As of December 23, 2022, Congress passed the Consolidated Appropriations Act, 2023, which includes the State, Local, Tribal, and Territorial Fiscal Recovery, Infrastructure, and Disaster Relief Flexibility Act. This legislation […]
The Nation’s Largest Majority Native Woman-Owned Law Firm Secures Dismissal of Suit Challenging Winnebago Tribe’s Proposed Lincoln, Nebraska Casino
In March, the American Rescue Plan Act of 2021 became law. Congress allocated $20 billion to Indian tribes in tribal fiscal recovery funding
(“TFRF”) to be administered by the U.S. Department of the Treasury
(“Treasury”). Treasury recently announced another extension of dates for tribal submissions which may also delay recovery payments.
Today in a 7-2 decision, the Supreme Court rejected a challenge to the Patient Protection and Affordable Care Act (“ACA”) which notably includes the Indian Health Care Improvement Act (“IHCIA”). In California v. Texas, several states challenged the “individual mandate” provision which requires all citizens to have insurance coverage.
On June 2, 2021, the U.S. District Court for the District of South Dakota ruled that the State of South Dakota is not entitled to hold a Fourth of July fireworks spectacle that would endanger people, the environment, and Lakota sacred sites in the Black Hills. The State and Governor Kristi Noem had sued to challenge the National Park Service’s (“NPS”) decision to deny a permit for the potentially disastrous July Fourth fireworks display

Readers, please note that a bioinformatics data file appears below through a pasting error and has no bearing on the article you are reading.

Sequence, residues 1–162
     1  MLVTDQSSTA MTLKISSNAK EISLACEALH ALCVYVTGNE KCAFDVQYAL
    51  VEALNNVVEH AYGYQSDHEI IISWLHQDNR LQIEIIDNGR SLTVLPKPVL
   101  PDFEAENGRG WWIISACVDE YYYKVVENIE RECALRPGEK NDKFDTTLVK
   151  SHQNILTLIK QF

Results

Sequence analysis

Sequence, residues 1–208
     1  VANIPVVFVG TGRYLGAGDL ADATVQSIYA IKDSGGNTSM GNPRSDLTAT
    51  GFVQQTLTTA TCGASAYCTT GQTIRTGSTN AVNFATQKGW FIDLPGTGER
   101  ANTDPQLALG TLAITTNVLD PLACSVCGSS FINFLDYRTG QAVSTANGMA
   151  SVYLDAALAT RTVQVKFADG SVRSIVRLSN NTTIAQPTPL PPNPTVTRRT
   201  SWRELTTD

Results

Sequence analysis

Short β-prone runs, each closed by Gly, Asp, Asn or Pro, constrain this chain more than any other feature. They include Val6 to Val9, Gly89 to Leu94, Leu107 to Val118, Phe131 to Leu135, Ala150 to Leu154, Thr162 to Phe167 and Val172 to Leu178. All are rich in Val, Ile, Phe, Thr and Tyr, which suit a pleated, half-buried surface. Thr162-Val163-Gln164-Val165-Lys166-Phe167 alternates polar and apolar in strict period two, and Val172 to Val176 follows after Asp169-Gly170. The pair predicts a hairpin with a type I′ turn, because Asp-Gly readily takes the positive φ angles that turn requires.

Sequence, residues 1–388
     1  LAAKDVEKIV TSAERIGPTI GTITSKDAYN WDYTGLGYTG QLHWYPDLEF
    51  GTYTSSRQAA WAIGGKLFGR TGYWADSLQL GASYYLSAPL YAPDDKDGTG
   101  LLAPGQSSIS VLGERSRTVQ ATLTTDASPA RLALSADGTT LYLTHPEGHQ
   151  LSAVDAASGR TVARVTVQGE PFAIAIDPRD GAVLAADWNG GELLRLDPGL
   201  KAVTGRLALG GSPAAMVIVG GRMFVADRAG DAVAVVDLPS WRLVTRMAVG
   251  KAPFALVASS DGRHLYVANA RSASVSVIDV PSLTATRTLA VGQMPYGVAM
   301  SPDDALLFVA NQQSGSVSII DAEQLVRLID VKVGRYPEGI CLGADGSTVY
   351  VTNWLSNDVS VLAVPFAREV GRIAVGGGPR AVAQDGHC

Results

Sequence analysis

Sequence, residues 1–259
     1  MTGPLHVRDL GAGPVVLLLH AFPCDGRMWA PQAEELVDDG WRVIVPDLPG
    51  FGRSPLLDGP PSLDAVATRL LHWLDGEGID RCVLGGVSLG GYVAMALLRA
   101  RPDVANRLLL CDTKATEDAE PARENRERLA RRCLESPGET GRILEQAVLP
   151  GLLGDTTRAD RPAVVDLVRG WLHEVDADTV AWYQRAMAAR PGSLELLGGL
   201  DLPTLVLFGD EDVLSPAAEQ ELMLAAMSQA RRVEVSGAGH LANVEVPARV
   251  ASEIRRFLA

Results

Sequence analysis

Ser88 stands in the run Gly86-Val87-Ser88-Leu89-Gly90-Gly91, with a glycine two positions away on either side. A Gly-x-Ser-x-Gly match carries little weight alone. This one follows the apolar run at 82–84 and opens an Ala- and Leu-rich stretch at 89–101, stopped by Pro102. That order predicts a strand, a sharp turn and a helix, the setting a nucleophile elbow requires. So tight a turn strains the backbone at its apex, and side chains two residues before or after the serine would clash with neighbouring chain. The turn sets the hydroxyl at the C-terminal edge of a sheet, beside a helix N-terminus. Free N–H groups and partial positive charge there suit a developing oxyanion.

On March 11, 2021, President Joe Biden signed into law the American Rescue Plan Act of 2021. Congress allocated $20 billion to Indian tribes in tribal fiscal recovery funding (“TFRF”) to be administered by the U.S. Department of the Treasury (“Treasury”).
The Cheyenne River Sioux Tribe (“Tribe”) has moved to join a lawsuit brought by the state of South Dakota and Governor Kristi Noem that asks the court to force the National Park Service (“NPS”) to grant the state a permit to hold a July Fourth fireworks spectacle at Mount Rushmore in the Black Hill.
On March 31, 2021, President Joseph Biden announced the American Jobs Plan (“AJP”). The AJP is a $2.2 trillion infrastructure and economic plan that encapsulates the Biden administration’s priorities for addressing failing infrastructure, disparities in rural communities, climate change, and employment concerns.